It was here, at last – a refugee exiled in a foreign country – that Leonora Carrington stopped pounding rebellious fists against a world into which was supposed to fit (and didn’t) and started creating a world into which she did fit – a world that revolved around making art, cultivating friendships with other artists-in-exile, raising children, fighting for causes (amongst these, women’s rights), learning all she could about her adopted home, living by her own personal ethos: “To yourself be true, then you will not be false to anyone.” It was here, too - with these biographical details under our belts - that we began to 'work' Carrington’s story in the context of what we have learned about the female rebel thus far, and to coax from her story new insights into this complex and, at times, paradoxical trope.
A quick survey of Paris-based 1930s Surrealism got the ball rolling: not only did this revolutionary anti-bourgeois art movement form the backdrop of Carrington's artistic and literary practice; the movement's over-riding exhortation to use any means necessary to "lay waste to the ideas of family, country, religion" clearly resonated with how Carrington had led her life from the outset. Small wonder that Andre Breton, who penned the manifesto from which this exhortation is drawn, called Leonora Carrington Surrealism's "authentic heroine"...Seeing, in this young, beautiful and "transgressively independent" woman who subverted social conventions and enjoyed a wildly bohemian lifestyle, the very embodiment of his movement. If the philosophical tenets underlying the Surrealism within which Carrington was initiated and then put on a pedestal were brought home to us when we played "Exquisite Corpse" - a party game created by Breton et al to highlight "the mystique of accident" which was, for the Surrealists, a metaphor for life itself - it was through doing a feminist reading of Carrington's 1938 "self-portrait" that we began to see how "wild child" Carrington had subverted, in turn, the relatively passive role of "femme-enfant" assigned to her by the male Surrealists, and started to carve out a richly intuitive surrealist tradition that was independent of them.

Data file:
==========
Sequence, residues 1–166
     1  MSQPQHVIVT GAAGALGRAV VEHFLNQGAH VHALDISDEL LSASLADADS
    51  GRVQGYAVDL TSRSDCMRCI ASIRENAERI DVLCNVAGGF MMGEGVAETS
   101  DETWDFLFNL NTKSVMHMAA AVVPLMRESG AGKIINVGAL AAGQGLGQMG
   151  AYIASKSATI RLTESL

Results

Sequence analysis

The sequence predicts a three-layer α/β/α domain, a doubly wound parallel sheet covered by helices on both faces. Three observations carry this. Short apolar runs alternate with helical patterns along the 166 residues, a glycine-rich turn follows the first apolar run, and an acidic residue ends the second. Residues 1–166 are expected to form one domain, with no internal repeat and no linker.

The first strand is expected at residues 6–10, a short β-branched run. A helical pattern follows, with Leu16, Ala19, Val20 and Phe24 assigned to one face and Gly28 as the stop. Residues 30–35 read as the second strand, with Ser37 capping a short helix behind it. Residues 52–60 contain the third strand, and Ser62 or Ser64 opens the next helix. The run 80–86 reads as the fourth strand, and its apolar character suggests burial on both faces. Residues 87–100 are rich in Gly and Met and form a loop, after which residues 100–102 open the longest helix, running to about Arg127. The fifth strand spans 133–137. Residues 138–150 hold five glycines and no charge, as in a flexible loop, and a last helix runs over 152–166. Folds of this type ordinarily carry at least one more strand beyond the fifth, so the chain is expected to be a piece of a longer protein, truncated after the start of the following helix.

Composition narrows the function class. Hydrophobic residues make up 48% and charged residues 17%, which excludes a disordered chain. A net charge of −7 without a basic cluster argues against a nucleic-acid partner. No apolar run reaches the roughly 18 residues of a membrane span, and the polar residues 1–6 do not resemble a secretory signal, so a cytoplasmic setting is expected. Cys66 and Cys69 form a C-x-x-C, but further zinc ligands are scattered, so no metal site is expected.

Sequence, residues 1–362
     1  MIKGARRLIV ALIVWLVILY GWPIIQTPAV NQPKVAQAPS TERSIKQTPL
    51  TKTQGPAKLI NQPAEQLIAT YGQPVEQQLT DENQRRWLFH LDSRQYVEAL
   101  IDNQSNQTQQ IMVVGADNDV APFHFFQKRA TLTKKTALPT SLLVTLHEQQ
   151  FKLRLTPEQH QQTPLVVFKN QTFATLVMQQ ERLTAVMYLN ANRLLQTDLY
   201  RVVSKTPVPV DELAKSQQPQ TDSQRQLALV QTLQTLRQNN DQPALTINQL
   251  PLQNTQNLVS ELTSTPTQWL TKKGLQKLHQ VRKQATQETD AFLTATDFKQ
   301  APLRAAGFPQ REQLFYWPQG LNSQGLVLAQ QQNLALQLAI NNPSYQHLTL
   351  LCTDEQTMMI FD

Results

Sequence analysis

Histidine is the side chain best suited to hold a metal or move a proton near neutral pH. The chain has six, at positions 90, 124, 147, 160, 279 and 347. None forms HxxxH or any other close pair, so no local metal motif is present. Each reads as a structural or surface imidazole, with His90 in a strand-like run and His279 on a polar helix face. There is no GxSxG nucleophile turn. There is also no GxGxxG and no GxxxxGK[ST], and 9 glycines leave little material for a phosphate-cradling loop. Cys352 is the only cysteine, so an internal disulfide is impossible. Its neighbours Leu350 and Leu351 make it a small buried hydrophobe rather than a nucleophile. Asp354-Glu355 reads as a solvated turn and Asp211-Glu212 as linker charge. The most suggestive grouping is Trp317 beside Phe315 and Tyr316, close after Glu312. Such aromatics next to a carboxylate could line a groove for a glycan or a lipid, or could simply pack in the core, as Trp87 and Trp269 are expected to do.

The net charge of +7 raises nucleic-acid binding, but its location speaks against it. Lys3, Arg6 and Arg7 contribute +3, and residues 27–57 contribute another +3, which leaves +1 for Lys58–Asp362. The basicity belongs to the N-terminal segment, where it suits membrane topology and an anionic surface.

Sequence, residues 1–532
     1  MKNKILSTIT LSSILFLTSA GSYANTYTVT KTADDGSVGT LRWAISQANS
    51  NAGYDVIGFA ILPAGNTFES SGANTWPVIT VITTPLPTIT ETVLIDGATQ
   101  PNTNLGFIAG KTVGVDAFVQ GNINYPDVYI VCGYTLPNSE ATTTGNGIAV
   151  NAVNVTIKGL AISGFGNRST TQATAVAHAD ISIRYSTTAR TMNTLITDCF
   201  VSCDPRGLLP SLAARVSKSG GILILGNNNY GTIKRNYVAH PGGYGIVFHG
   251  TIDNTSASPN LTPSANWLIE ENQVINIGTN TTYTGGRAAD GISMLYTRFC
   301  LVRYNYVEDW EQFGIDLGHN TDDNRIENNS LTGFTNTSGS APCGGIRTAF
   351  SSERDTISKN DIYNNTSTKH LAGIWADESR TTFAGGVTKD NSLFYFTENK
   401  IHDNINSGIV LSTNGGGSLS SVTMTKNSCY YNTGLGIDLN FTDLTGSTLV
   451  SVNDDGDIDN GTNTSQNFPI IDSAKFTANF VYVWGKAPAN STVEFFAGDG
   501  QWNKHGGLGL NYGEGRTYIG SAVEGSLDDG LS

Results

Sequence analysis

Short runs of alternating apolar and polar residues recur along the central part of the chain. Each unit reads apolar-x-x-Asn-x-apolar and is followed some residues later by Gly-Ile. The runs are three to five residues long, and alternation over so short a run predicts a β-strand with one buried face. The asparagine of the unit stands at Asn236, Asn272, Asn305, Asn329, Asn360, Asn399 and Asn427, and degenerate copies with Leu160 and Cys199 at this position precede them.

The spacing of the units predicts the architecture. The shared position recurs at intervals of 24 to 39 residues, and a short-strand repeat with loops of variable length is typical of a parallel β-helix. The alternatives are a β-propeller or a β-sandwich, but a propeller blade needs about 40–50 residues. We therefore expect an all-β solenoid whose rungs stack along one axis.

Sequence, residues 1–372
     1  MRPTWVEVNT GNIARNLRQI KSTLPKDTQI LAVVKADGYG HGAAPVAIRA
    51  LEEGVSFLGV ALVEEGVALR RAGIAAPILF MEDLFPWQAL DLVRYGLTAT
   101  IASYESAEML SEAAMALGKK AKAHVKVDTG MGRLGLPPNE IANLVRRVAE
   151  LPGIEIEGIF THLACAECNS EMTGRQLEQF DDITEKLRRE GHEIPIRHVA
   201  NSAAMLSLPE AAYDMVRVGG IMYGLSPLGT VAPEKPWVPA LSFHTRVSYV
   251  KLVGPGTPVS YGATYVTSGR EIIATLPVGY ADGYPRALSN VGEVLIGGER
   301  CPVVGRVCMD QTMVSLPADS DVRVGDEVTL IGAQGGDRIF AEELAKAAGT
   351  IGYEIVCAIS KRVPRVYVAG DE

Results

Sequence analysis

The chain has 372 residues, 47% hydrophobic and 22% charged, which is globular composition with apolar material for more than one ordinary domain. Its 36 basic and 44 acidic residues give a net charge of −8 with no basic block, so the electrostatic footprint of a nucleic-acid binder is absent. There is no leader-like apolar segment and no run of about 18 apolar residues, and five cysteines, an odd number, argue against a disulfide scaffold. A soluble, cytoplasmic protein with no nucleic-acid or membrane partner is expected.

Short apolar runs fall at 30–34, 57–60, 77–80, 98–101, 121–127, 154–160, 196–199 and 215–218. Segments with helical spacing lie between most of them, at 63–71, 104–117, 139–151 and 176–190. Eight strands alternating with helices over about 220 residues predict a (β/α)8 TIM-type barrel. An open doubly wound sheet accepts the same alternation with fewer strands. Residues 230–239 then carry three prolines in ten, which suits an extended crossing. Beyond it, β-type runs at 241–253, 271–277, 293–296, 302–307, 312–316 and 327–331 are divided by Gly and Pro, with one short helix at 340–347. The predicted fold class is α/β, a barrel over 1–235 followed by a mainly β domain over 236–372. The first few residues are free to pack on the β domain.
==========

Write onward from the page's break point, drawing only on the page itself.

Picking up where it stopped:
This idea was carried forth into our viewing of Ally Acker's video rendition of Carrington's short story, "The Reluctant Debutante." In addition to providing us with the perfect forum for exploring how "active" resistance and "passive" complicity can, at times, walk hand-in-hand in the persona of the rebel, this surreal tale of a 'masked' hyena who almost succeeds at 'passing' for a young woman at her 'coming-out' ball provoked an important discussion of the impact that social class and economic privilege can have on becoming a rebel in the first place.
Leonora Carrington died just last May, at the age of 94. She never courted publicity, which means that you won't find much about her, or by her, in the library or bookstores - not in Canada, anyway. That said, she is famous in Mexico. And luckily, there has been a renewal of interest in her life and art in the UK over the past few years, due in large part to Joanna Moorhead's efforts in organizing a retrospective of her work, along with that of other women surrealist artists, in 2010. We can be grateful, too, that Carrington lived well into the era of mediated hyper-visibility, which means that you can catch her in a number of candid interviews on You-tube, and in so doing get a marvelous sense of what she was like as a person. In terms of getting a glimpse into what becomes of the much-mythologized 'wild child' rebel when she grows up and grows old, this on-line resource proved invaluable to the Philosophy Club: allowing us to bring our evening to a close with a discussion of age as it relates to the female rebel; linking us, interestingly enough, back to our Invisible Matron series, and the question of whether women grow more or less radical as they age.
Next week, the Philosophy Club draws on what we have learnt thus far about the female rebel and leads our monthly members' salon evening. The rebel at the centre of this salon event is birth control pioneer Margaret Sanger, and the conversational form that we will be using to explore Sanger's life and work is soapbox rhetoric. Looking forward to seeing you there!